Learning to Love Crypto Standards
By Ray Potter, CEO
Have you ever gazed up at the stars and asked yourself, “Why isn’t there a universal benchmark for testing and validating cryptographic modules?”
Ok, maybe that’s not a common topic to ponder when you’re having one of those existential moments. But if you have, I’ve got good news– there are indeed awesome certifications for crypto, so you can at least answer that question in life. I’ll explain everything you need to know – the basics, the validation process, and most importantly, why you should love them, regardless of your role.
There are two major benchmarks: FIPS 140 and ISO/IEC 19790. The former, Federal Information Processing Standard (FIPS) Publication 140, waspublished by the U.S. government’s National Institute of Standards and Technology (NIST) in 1994. When revised in 2001, the standard became known as FIPS 140-2. In addition, the International Organization for Standardization (ISO) published the 19790 standard for cryptography in 2006 and updated it in 2012. ISO/IEC 19790 has supporters, especially in Asia, but FIPS 140-2 is the key standard that you need to know due to the worldwide influence of the U.S. federal government. (Note: the two standards may soon converge. FIPS 140-3 is long overdue and rumors have been swirling that NIST will adopt the ISO standard, unifying the requirements and eliminating discrepancies.)
NIST (in partnership with their Canadian counterpart) administers the Cryptographic Module Validation Program (CMVP), providing validation for encryption modules that meet the FIPS 140-2 standard. This validation provides the proof U.S. federal agencies need for approved use and procurement. Without the certification, the government cannot deploy the technology, whether it is in the Department of Defense or the Department of Agriculture.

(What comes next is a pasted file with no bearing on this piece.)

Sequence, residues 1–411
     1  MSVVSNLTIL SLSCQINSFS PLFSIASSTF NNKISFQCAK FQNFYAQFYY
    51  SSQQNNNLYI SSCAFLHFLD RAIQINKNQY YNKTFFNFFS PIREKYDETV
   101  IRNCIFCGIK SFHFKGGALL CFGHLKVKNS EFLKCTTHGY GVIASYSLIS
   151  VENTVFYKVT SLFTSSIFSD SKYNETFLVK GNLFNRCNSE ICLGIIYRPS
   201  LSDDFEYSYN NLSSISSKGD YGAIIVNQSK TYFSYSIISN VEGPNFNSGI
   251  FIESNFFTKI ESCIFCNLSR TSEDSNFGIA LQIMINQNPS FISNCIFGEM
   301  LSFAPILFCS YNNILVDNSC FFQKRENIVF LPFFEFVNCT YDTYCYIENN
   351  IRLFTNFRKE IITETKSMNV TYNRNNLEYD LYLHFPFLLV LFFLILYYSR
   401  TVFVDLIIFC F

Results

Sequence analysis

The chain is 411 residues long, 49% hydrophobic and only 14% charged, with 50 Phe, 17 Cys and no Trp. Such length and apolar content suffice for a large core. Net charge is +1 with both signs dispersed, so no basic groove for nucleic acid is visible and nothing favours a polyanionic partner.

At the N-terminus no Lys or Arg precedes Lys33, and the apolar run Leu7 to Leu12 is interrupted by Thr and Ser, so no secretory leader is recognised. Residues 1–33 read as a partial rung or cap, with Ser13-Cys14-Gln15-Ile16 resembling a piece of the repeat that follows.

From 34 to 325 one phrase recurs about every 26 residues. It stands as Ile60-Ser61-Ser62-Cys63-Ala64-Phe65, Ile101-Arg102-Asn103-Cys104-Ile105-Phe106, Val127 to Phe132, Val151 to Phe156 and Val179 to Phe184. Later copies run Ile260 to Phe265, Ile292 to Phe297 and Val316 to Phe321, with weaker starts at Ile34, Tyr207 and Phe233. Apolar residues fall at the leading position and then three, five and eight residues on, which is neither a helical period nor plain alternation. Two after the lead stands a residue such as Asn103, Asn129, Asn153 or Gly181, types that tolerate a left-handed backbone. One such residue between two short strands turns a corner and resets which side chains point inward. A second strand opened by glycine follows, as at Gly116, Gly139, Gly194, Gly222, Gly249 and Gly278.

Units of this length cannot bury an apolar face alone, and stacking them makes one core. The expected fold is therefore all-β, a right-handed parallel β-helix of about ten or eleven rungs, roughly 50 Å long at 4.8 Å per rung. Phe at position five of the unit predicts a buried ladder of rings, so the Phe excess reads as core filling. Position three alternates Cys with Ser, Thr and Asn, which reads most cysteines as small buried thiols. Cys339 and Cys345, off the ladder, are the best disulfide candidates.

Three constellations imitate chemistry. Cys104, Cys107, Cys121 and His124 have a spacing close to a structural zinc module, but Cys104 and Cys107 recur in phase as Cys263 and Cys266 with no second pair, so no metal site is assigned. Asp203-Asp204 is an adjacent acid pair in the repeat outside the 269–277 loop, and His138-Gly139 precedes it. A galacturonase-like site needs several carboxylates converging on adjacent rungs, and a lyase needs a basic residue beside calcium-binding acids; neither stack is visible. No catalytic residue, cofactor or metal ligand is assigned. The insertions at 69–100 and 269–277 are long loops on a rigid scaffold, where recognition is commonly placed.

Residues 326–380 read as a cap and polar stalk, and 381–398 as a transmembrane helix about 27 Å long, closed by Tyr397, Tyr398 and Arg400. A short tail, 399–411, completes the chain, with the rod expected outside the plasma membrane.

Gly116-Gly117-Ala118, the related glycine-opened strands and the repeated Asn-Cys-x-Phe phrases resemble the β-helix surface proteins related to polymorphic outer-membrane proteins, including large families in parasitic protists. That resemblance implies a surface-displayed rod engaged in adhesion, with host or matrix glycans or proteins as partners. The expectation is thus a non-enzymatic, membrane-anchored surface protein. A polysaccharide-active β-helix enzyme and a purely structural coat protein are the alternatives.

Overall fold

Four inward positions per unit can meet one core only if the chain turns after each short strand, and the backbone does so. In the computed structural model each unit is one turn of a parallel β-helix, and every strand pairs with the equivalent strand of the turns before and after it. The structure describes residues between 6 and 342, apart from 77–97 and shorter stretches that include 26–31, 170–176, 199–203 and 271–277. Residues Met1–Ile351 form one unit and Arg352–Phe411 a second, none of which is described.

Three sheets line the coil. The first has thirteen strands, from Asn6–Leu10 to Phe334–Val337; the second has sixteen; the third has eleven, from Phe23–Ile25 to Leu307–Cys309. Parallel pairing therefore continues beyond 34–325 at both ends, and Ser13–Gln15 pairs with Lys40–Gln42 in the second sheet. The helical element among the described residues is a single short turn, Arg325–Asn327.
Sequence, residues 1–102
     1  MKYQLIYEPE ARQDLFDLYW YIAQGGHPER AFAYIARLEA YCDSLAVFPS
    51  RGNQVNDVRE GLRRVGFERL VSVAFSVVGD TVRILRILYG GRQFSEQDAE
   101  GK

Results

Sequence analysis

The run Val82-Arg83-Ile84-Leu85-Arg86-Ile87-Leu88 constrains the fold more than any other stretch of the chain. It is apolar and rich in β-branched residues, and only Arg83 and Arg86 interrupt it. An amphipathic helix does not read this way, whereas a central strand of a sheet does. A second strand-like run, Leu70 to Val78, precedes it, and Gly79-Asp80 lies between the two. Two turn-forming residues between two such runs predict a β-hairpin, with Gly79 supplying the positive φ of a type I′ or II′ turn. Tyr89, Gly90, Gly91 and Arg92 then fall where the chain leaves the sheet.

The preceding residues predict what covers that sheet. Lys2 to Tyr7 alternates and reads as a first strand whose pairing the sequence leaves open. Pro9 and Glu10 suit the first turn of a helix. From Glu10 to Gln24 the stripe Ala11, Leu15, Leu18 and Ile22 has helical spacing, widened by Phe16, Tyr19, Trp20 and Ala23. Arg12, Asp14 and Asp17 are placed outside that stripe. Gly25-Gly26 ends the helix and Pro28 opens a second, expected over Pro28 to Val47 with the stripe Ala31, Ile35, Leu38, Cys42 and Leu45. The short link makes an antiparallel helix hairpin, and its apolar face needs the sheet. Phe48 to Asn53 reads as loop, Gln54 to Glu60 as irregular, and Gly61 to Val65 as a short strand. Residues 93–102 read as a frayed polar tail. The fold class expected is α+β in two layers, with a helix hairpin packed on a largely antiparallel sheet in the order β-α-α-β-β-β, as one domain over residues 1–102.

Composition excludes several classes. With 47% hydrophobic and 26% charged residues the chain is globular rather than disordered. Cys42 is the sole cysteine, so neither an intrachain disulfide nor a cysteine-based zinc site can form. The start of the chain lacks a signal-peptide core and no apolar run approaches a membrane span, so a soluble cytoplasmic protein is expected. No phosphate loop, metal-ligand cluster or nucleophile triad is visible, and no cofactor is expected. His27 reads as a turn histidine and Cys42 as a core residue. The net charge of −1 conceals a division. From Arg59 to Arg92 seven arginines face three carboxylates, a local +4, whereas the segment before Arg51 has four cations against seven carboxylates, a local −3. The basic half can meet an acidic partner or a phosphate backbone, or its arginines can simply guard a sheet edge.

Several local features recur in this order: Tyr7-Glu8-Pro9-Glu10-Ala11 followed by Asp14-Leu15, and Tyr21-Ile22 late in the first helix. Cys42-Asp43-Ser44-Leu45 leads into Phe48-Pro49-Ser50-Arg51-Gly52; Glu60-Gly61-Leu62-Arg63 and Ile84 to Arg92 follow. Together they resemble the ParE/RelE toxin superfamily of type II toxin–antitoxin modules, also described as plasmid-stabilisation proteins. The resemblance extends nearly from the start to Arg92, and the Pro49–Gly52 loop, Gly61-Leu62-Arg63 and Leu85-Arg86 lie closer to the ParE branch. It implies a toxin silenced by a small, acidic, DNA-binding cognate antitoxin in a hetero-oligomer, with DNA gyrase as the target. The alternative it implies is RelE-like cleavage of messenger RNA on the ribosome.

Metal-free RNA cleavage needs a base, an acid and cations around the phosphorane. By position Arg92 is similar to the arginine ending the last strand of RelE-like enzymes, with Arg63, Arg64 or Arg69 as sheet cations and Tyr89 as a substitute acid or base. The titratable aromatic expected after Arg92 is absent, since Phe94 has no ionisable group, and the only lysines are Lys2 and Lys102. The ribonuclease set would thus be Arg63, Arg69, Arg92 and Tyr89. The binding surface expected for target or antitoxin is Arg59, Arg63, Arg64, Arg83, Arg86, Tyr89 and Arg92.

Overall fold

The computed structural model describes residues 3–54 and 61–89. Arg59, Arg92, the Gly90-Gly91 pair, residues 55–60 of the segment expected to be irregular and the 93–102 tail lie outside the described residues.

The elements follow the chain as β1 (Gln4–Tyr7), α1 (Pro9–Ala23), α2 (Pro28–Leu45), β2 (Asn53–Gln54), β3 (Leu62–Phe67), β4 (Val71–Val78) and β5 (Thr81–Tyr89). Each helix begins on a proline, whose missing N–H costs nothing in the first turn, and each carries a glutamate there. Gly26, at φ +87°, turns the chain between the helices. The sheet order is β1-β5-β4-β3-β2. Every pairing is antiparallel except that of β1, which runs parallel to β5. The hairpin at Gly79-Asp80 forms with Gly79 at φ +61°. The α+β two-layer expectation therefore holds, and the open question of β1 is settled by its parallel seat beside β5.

Outside of the government, FIPS validation has gained momentum as well. The healthcare industry has begun to see enforcement of the requirement for NIST certified encryption (in order to qualify for Safe Harbor in the event of a data breach.) The financial sector has begun to rely upon it, as well as utility companies, but consumer and enterprise products have lagged behind.
FIPS 140 validated encryption modules are subjected to a rigorous battery of functional tests by an accredited laboratory, along with a stringent documentation review. NIST’s CMVP staff then reviews the paperwork and approves it for validation when appropriate. Traditionally, it can be a lengthy process, although new advances have streamlined it significantly.
As a vendor, you should love the standard because it is a differentiator. The validation separates legitimate, high-quality solutions from the vaporware of competitors. As a consumer, you should love the standard because it provides peace of mind. It displays an investment of time, effort, and resources on the part of the provider. The FIPS 140-2 certificate, when displayed by your SaaS provider, proves that the vendor took the initiative to meet the standard. They went under review, proved their compliance, and are delivering to their customers the same quality of encryption used by the U.S. government. Consumers shouldn’t have to accept anything less. When NIST certifies the encryption inside a solution, all stakeholders benefit.
Quote: The financial sector has begun to rely upon it, as well as utility companies, but consumer and enterprise products have lagged behind